I internalized this contempt, and I have been the poorer for it. While I have found myself increasingly intellectually aligned with the left, I have kept my distance from the front lines of activism. Or, less woodenly: my ass has remained firmly in its seat. I remember the first day of Occupy Philadelphia’s encampment outside of City Hall, back in 2011. On my way home from high school, I stopped across the street from them and stared at the growing tent city. I had never seen a large-scale protest before, not in Philadelphia. Sure, there had been the occasional Free Mumia rally, the summertime vigil of anti-abortion groups in front of Planned Parenthood, even once a silent, masked march down Walnut Street, protesting drone strikes in Pakistan. But these events were always small, more like hobbies than movements. Occupy was something else: it was the left – not the anaesthetized, party-line Democratic left, but rather a rag-tag, heterodox, youthful, and very pissed-off left — making its displeasure physically manifest. This displeasure was general: it was a challenge not just to a particular politician or policy, but rather to an entire economic and political system. It was against the malaise that gripped the country; it was in favor of something radical, though it never settled quite on what that something might be.

I wanted to cross the street and join them in their chanting and sloganeering. But I couldn’t: I was too embarrassed by their drum circles, their human microphones, their lack of policy recommendations, their iPhones, and their Gap jeans. I feared the mockery that would ensue if I crossed the line. Worse: I feared that I would deserve that mockery. I left.

That embarrassment has repeated itself throughout my time at Swarthmore. During the 2013 Spring of Our Discontent (for the non-seniors: a rather spectacular and important series of events that I cannot adequately explain in the space I have allotted to me), I recall watching the demonstrations outside Sharples at a considerable distance, feeling the same stomach-churning mixture of support and internalized embarrassment that I had felt a year and a half earlier, across the street from City Hall. My distance from this movement was not as complete as it had been in the case of Occupy: I participated minimally, mostly due to a personal friendship with one of the leading activists. But I could never quite shed my defensiveness. I was more interested in apology than solidarity.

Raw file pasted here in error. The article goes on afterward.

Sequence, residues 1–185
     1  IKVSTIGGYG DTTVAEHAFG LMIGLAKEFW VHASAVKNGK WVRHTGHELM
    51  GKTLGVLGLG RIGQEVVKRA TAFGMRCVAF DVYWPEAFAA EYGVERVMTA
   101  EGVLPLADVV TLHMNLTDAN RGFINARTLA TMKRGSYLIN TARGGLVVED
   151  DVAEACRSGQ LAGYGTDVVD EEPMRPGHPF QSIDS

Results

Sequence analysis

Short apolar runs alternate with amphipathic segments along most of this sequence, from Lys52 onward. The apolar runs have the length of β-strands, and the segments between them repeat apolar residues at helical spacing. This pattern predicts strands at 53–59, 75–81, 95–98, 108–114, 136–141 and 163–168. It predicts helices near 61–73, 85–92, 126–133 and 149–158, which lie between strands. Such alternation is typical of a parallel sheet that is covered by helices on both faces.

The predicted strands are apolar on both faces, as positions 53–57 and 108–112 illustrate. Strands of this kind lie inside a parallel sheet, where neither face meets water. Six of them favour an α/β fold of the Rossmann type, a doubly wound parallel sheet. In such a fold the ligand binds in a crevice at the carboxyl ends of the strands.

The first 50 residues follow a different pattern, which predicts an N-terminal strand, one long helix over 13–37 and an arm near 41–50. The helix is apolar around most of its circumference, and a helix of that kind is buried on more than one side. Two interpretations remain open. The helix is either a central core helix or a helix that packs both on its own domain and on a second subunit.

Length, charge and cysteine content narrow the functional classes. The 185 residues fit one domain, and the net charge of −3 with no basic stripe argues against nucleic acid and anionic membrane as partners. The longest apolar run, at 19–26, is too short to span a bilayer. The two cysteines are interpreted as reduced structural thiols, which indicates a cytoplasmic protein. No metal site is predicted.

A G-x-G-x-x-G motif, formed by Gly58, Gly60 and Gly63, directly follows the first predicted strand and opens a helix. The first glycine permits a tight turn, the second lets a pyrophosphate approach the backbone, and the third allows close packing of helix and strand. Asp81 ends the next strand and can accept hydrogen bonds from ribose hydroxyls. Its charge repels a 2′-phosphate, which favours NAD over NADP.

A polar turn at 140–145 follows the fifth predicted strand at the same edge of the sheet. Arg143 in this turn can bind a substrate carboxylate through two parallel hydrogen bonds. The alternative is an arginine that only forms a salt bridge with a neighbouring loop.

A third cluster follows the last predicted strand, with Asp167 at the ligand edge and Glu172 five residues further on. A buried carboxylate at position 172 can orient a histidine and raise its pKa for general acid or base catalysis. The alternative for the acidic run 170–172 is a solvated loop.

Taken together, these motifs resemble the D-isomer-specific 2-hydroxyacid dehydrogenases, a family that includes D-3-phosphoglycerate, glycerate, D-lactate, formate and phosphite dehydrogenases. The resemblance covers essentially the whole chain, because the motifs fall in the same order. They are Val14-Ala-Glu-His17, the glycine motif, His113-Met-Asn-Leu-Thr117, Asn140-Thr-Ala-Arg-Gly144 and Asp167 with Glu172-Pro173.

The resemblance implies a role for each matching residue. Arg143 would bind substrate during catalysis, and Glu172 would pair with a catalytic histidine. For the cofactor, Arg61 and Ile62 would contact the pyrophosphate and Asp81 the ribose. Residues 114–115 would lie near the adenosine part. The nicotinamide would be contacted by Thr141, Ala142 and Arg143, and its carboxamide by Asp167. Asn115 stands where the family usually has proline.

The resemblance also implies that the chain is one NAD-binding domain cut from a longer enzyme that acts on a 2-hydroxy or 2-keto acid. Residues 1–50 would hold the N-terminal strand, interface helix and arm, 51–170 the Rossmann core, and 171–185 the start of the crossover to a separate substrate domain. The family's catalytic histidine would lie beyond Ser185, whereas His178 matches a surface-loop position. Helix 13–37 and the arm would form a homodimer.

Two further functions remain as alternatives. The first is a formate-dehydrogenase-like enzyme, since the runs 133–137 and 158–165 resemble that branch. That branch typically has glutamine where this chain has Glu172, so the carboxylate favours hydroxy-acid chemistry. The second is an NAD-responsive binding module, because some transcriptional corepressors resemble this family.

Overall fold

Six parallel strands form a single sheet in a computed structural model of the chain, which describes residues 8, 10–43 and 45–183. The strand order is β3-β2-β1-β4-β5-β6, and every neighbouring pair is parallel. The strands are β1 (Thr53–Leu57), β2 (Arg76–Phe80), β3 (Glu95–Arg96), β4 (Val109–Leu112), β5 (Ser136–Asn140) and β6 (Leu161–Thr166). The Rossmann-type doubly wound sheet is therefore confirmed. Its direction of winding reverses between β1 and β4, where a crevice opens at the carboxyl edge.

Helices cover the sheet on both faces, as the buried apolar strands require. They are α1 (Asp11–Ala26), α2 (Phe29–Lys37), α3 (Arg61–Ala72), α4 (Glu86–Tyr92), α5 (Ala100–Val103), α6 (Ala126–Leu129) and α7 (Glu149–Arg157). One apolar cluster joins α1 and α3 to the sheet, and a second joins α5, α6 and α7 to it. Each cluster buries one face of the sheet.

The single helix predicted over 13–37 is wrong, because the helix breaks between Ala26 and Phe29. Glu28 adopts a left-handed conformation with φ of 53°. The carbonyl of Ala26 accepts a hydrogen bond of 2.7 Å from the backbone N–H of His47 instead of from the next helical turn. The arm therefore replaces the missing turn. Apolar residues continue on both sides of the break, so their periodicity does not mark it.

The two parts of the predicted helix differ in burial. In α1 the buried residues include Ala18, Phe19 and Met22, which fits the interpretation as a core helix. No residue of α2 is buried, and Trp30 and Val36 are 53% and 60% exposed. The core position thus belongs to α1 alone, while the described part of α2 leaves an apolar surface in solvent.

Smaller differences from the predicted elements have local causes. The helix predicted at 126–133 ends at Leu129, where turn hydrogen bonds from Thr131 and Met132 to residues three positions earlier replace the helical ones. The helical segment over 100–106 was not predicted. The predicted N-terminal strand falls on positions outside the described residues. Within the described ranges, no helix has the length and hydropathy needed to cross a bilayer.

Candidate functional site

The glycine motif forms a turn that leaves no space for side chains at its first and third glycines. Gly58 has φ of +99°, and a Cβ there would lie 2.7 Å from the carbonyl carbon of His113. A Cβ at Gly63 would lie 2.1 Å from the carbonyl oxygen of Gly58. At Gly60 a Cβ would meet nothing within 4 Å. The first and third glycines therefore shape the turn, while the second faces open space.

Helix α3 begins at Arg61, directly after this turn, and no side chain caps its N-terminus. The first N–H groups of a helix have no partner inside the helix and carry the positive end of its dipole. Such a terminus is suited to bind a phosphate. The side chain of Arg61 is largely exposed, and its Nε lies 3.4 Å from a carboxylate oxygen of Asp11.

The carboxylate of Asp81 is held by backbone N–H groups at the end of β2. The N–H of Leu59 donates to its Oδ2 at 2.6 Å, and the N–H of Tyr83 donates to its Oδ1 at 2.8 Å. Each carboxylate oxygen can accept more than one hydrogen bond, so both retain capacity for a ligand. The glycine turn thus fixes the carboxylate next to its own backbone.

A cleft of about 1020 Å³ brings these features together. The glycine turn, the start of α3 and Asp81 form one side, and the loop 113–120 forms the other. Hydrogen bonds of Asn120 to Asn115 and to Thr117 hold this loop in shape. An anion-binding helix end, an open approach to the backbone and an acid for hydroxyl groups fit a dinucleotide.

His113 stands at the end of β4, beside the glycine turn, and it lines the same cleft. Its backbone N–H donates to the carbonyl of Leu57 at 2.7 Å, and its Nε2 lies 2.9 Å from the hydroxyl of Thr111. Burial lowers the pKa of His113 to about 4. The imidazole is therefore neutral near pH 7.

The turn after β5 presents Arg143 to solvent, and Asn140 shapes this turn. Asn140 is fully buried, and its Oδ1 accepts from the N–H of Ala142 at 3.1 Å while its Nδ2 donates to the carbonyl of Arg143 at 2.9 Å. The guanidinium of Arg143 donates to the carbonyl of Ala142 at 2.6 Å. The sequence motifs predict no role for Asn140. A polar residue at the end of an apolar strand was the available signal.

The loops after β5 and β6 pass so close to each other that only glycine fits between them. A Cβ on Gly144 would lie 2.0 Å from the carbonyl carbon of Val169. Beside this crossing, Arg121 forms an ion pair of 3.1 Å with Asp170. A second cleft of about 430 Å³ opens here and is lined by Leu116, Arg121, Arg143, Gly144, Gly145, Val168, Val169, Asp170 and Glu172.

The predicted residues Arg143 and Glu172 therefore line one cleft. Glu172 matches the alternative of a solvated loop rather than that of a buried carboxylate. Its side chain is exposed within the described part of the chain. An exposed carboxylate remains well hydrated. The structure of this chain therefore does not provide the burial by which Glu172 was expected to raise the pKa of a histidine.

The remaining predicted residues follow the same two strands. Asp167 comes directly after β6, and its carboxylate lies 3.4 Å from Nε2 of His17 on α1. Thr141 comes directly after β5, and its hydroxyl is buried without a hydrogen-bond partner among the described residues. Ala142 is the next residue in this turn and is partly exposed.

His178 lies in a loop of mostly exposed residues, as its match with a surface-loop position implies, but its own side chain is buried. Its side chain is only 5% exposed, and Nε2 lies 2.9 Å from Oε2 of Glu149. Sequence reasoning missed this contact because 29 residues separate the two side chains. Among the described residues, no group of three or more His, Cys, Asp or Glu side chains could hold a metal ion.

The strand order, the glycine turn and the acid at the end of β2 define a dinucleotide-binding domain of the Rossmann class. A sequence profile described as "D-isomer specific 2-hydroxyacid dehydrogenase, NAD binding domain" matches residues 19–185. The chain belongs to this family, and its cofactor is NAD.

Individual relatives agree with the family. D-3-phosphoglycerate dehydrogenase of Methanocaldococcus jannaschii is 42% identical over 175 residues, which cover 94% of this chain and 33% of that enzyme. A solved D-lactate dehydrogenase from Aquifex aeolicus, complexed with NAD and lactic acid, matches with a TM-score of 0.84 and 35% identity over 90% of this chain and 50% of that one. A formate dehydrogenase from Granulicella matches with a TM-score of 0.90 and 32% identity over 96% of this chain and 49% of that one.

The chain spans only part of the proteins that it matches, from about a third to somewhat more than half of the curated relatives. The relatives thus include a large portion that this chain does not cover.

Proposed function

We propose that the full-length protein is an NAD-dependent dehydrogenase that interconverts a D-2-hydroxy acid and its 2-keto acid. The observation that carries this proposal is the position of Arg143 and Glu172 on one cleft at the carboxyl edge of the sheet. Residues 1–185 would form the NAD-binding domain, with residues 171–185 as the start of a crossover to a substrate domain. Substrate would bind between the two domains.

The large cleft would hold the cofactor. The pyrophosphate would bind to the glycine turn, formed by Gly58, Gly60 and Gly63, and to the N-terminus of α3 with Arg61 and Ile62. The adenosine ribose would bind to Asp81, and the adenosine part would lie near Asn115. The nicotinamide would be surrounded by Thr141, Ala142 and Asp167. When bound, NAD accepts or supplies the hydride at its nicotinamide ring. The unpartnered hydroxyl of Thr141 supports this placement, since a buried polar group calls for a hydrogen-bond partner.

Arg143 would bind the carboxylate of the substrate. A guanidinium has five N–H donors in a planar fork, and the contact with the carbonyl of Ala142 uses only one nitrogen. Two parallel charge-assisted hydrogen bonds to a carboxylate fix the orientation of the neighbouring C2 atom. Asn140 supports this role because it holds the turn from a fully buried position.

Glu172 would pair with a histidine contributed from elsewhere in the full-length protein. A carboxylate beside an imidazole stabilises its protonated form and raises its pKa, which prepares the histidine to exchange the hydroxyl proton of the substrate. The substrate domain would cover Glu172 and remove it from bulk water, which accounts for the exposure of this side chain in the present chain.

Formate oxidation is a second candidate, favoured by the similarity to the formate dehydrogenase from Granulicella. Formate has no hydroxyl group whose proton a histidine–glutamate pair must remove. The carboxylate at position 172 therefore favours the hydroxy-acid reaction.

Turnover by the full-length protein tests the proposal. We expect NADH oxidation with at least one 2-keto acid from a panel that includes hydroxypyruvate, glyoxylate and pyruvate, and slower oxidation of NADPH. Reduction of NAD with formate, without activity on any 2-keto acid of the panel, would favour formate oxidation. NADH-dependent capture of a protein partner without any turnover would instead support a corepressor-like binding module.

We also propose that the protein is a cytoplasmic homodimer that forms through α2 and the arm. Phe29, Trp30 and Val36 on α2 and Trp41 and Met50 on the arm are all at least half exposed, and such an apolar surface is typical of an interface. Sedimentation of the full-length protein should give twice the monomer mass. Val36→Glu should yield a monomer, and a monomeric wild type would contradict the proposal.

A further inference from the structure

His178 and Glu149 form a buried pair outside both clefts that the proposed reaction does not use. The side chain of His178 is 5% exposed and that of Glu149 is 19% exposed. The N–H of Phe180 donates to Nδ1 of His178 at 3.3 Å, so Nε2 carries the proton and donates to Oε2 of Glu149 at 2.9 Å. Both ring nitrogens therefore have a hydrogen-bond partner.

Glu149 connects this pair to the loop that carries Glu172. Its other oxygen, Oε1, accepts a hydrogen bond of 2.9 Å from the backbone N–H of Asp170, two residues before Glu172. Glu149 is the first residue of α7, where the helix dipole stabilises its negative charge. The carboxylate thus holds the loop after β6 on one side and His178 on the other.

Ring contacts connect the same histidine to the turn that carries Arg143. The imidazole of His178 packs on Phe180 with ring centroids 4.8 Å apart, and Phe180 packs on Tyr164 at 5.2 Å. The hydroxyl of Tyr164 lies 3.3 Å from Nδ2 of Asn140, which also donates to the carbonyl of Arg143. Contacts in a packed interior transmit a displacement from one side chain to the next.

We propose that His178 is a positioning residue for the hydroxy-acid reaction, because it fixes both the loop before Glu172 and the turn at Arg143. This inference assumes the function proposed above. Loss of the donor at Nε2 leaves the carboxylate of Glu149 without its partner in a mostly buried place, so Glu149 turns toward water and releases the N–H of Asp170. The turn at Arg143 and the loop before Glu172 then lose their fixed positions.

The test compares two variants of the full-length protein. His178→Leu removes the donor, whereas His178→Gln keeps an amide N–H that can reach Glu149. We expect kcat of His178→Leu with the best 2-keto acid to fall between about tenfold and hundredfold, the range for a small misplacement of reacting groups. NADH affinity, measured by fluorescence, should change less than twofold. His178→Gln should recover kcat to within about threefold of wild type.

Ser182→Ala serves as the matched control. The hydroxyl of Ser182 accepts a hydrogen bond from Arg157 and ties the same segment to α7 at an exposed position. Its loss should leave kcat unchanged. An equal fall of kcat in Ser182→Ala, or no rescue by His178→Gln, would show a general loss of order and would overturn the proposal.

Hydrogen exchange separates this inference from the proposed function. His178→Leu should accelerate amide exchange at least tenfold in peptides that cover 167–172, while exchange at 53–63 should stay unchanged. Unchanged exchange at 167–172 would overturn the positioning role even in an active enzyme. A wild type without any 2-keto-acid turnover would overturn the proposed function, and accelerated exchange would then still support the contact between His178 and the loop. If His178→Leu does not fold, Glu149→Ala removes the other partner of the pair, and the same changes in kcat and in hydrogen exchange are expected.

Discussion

During the divestment sit-in last year, a movement with which I did not have much of a personal connection, I made a point to tell people who asked that I was not in favor of divestment. I could offer reasons, certainly. I can hear myself now: “Divestment won’t actually solve the real issues of climate change, it’s a feel-good gesture…they should be doing this! Or that!” All this bluster was cover for the fact that I found the divestment movement’s tactics obnoxious and that I desired not to be associated with a group and an action that I found disreputable.

Certainly, there are good-faith reasons to criticize campus activists. They are often wrong, sometimes hilariously and offensively so. They are sometimes so wrong that their youthful wrongness will become the cause of scandal when they run for U.S. Senate in thirty years. They are sometimes so wrong that they come to resemble their conservative caricature, all self-righteousness and magical thinking. But I suspect that many Swatties behave like I did (and, if I’m being honest, still do), refusing to extend the proper charity and consideration to the activists’ arguments.  We, who are intellectually aligned with the left, are more than happy to share a trending Jezebel article or discuss cultural appropriation over an Essie’s dinner, but are far too lazy, or busy, or embarrassed to do anything about our views.  We cannot expect the world we desire to simply appear some day, as if it were a gift from the gods. If we take our views seriously, if they are to be something more than a temporary youthful affectation, if they are to count in the world, we must be willing to back them up with real action.